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Everywhere we turn, businesses are urging us to visit their Facebook pages, read their blogs, or follow them on Twitter. HVAC contractors are following that trend, having been thoroughly schooled by keynote speakers at just about every industry event on the importance of embracing social media or being left in the dust.
As a result, most contractors have set up Facebook pages, Twitter handles, and LinkedIn accounts, and are attempting to update them as often as possible. For example, Pamela Keshlear, customer service manager, United Heating, Cooling & Plumbing Inc., Grandview, Mo., uses Facebook to talk about the company’s community service, as well as money-saving opportunities for customers. “We discuss the need for preventative maintenance and also promote contests. We attempt to update Facebook biweekly or more, and we release three blogs per month.”
As contractors become more comfortable with social media, there is no doubt that they will continue to discover new and innovative ways to harness its power in order to boost business.
One of the biggest benefits to social media is that much of its content can be created and distributed for free, if you take a little initiative. Jeff Lee, general manager, Mechanical Heating and Cooling, Dearborn Heights, Mich., started using social media approximately three years ago, creating a Facebook page, writing a blog on the company’s website, and posting “how to” videos on YouTube. Lee struck a partnership with a local TV station to air these video segments within their newscasts, and now they are professionally created for his company at no cost.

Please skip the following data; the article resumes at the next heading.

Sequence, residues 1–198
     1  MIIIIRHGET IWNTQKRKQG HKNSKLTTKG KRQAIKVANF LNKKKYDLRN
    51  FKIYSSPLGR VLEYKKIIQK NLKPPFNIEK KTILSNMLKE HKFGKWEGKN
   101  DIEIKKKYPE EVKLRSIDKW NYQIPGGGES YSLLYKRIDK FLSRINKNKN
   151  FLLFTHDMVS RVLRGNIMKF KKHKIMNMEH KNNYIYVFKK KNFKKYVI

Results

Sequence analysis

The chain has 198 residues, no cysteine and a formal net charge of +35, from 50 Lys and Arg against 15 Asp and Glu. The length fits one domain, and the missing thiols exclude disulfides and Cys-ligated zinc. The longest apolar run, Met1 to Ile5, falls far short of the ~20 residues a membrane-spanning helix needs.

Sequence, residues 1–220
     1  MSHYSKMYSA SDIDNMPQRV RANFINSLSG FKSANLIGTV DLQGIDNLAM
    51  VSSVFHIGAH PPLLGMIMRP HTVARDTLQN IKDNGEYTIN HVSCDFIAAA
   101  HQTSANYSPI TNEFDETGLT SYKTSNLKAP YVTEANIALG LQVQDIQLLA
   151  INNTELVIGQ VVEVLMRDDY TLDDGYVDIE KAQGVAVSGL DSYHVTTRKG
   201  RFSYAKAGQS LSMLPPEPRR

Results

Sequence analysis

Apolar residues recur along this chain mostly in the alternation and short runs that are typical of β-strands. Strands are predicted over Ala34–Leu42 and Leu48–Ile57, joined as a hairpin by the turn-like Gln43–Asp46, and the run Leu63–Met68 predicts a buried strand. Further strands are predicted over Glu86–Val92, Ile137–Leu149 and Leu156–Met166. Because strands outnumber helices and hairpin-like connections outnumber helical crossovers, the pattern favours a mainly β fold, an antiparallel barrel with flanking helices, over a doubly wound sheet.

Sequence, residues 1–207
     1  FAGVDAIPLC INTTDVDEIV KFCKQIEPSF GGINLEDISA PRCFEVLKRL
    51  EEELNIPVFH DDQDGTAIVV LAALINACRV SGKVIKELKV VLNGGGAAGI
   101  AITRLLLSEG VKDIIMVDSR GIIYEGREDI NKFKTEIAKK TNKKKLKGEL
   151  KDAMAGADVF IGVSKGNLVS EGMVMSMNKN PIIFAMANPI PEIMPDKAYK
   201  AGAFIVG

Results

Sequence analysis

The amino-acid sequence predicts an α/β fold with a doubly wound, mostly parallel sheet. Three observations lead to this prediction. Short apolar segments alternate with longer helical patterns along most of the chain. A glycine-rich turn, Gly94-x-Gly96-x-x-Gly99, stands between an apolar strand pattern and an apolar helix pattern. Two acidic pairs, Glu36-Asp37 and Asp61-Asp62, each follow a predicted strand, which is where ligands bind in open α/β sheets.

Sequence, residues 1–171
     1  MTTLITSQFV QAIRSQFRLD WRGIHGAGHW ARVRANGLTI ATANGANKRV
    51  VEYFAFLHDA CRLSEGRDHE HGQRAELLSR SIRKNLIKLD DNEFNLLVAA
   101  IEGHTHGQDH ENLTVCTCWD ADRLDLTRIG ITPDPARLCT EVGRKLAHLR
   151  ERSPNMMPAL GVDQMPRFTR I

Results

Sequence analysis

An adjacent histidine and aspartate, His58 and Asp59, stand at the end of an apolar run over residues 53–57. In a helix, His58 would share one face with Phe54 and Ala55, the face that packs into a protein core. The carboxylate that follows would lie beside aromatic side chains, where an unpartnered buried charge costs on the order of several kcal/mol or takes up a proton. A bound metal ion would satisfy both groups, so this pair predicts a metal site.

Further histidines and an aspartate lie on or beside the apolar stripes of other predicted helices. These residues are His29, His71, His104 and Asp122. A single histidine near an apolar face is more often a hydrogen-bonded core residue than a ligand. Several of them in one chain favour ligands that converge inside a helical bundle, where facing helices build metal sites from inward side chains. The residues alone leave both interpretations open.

“The videos have been very successful for us,” said Lee. “They are short, to the point, and helpful to consumers. We get positive feedback regularly, but customers do not always indicate where they’ve seen the videos — they just mostly say they saw them ‘on TV or on the web.’”
Chloe Pullen, director of marketing and business development, Pullen Air Conditioning Inc., New Orleans, started focusing on social media in 2010. She began with Facebook and Twitter and gradually developed a social media branding approach.
“Currently, I have the company on basically any and all social media sites: Facebook, Twitter, Pinterest, LinkedIn, YouTube, Google Plus, and Foursquare, just to name a few,” said Pullen. “I also make use of our blog site (www.pullenac.com/blog). Moreover, I use the business marketing tool, Constant Contact, pretty regularly to distribute monthly filter reminders, as well as our newsletter, 72 degrees.”